Kohlrabi is a weird vegetable. A brassica, it’s a very close relative of better-known crops such as cabbage and broccoli. Unlike any of its cousins, however, kohlrabi is known for its swollen, globe-like stem that forms just above the ground. It can reach the size of a softball and looks a lot like a root vegetable, earning it the name “stem turnip.” Though the leaves and the rest of the stems are edible, it is this swollen sphere that is most commonly eaten, both raw and cooked.
Kohlrabi is popular across Europe, though it’s less often seen in English-speaking countries. That shouldn’t deter you from growing this interesting, tasty vegetable. Keep reading to learn more about growing kohlrabi in the garden and kohlrabi plant spacing.
Plant Spacing for Kohlrabi
Kohlrabi is a cool weather plant that grows well in the spring and even better in the fall. It will flower if temperatures fall below 45 degrees F. (7 C.), but it will get woody and tough if they stay above 75 degrees F. (24 C.). This makes the window for growing them quite small in a lot of climates, especially considering that kohlrabi takes about 60 days to mature.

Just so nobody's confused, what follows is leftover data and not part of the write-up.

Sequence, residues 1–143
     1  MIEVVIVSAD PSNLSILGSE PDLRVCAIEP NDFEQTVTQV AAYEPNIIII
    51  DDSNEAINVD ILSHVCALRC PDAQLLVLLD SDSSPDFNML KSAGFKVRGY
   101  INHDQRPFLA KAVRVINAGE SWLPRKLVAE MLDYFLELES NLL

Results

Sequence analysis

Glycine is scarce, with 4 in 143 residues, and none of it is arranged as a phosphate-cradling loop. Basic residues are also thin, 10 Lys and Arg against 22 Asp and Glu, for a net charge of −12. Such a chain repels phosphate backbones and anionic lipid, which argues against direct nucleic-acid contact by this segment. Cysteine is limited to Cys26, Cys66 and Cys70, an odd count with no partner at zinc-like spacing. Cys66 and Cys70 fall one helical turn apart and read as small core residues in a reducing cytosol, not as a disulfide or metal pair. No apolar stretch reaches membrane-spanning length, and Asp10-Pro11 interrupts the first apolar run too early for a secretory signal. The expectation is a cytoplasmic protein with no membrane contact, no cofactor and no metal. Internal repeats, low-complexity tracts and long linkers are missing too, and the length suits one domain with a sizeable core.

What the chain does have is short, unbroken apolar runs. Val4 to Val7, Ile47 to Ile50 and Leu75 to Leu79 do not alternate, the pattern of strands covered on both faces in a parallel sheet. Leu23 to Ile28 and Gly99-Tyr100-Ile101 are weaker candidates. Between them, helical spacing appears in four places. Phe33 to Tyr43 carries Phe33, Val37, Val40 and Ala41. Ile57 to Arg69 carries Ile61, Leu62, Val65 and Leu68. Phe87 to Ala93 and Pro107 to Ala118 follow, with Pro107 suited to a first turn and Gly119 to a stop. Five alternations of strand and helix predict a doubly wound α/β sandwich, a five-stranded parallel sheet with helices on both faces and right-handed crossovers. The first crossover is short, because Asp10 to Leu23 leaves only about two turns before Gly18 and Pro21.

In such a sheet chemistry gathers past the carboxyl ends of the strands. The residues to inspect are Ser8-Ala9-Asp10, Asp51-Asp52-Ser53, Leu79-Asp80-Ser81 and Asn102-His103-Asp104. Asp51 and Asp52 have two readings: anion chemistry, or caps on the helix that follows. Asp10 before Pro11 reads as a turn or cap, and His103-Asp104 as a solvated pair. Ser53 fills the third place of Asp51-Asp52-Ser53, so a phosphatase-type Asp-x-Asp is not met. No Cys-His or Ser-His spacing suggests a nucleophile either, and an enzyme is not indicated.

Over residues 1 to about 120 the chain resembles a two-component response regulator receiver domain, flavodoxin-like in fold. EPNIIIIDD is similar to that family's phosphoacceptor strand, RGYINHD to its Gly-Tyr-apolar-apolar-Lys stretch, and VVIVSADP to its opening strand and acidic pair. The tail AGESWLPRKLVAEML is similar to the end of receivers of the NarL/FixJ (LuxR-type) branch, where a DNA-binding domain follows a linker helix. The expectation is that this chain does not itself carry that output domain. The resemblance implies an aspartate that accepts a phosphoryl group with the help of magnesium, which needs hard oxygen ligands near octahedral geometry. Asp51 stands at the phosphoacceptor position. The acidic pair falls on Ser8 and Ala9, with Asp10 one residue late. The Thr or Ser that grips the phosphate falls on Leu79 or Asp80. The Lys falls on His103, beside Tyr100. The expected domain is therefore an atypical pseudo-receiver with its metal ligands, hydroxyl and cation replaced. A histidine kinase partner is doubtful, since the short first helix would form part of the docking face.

In the spring, seeds should be sown one to two weeks before the average last frost. Sow seeds in a row at a depth of half an inch (1 cm.). What’s a good distance for kohlrabi seed spacing? Kohlrabi seed spacing should be one every 2 inches (5 cm.). Kohlrabi row spacing should be about 1 foot (31 cm.) apart.
Once the seedlings have sprouted and have a couple of true leaves, thin them to 5 or 6 inches (13-15 cm.) apart. If you’re gentle, you can move your thinned seedlings to another spot, and they will probably keep growing.
If you want to get a head start on cool spring weather, plant your kohlrabi seeds indoors a few weeks before the last frost. Transplant them outdoors about a week before the last frost. Plant spacing for kohlrabi transplants should be one every 5 or 6 inches (13-15 cm.). There’s no need to thin transplants.